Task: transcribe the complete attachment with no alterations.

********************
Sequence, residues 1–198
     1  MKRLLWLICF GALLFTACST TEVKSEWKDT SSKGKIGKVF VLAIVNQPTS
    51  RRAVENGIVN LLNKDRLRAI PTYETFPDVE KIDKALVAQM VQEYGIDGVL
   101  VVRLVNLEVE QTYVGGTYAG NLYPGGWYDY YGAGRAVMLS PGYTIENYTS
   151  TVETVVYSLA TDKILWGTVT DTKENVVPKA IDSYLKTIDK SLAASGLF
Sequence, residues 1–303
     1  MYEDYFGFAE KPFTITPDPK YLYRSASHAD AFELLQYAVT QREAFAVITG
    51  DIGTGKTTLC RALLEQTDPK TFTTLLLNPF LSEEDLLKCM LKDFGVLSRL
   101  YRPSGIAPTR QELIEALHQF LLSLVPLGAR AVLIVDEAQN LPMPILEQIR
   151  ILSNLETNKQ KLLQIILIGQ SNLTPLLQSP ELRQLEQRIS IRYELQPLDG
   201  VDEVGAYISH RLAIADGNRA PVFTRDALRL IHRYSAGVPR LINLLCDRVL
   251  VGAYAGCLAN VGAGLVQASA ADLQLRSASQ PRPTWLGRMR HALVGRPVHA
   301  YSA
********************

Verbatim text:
Sequence, residues 1–198
     1  MKRLLWLICF GALLFTACST TEVKSEWKDT SSKGKIGKVF VLAIVNQPTS
    51  RRAVENGIVN LLNKDRLRAI PTYETFPDVE KIDKALVAQM VQEYGIDGVL
   101  VVRLVNLEVE QTYVGGTYAG NLYPGGWYDY YGAGRAVMLS PGYTIENYTS
   151  TVETVVYSLA TDKILWGTVT DTKENVVPKA IDSYLKTIDK SLAASGLF
Sequence, residues 1–303
     1  MYEDYFGFAE KPFTITPDPK YLYRSASHAD AFELLQYAVT QREAFAVITG
    51  DIGTGKTTLC RALLEQTDPK TFTTLLLNPF LSEEDLLKCM LKDFGVLSRL
   101  YRPSGIAPTR QELIEALHQF LLSLVPLGAR AVLIVDEAQN LPMPILEQIR
   151  ILSNLETNKQ KLLQIILIGQ SNLTPLLQSP ELRQLEQRIS IRYELQPLDG
   201  VDEVGAYISH RLAIADGNRA PVFTRDALRL IHRYSAGVPR LINLLCDRVL
   251  VGAYAGCLAN VGAGLVQASA ADLQLRSASQ PRPTWLGRMR HALVGRPVHA
   301  YSA